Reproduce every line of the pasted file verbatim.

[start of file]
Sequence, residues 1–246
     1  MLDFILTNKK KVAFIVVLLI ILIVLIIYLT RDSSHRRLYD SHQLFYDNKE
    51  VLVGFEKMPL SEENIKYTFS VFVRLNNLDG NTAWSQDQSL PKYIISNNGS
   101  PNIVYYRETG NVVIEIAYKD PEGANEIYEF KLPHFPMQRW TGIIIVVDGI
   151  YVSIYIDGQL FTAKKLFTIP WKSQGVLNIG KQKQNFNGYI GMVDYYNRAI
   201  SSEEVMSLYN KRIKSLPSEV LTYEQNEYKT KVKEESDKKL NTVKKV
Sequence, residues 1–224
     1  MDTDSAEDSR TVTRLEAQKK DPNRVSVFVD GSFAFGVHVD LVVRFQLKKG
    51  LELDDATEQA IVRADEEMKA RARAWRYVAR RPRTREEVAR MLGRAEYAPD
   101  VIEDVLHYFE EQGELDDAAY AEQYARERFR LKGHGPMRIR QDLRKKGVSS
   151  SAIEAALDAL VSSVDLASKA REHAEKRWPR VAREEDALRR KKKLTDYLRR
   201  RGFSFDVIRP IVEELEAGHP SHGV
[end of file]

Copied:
Sequence, residues 1–246
     1  MLDFILTNKK KVAFIVVLLI ILIVLIIYLT RDSSHRRLYD SHQLFYDNKE
    51  VLVGFEKMPL SEENIKYTFS VFVRLNNLDG NTAWSQDQSL PKYIISNNGS
   101  PNIVYYRETG NVVIEIAYKD PEGANEIYEF KLPHFPMQRW TGIIIVVDGI
   151  YVSIYIDGQL FTAKKLFTIP WKSQGVLNIG KQKQNFNGYI GMVDYYNRAI
   201  SSEEVMSLYN KRIKSLPSEV LTYEQNEYKT KVKEESDKKL NTVKKV
Sequence, residues 1–224
     1  MDTDSAEDSR TVTRLEAQKK DPNRVSVFVD GSFAFGVHVD LVVRFQLKKG
    51  LELDDATEQA IVRADEEMKA RARAWRYVAR RPRTREEVAR MLGRAEYAPD
   101  VIEDVLHYFE EQGELDDAAY AEQYARERFR LKGHGPMRIR QDLRKKGVSS
   151  SAIEAALDAL VSSVDLASKA REHAEKRWPR VAREEDALRR KKKLTDYLRR
   201  RGFSFDVIRP IVEELEAGHP SHGV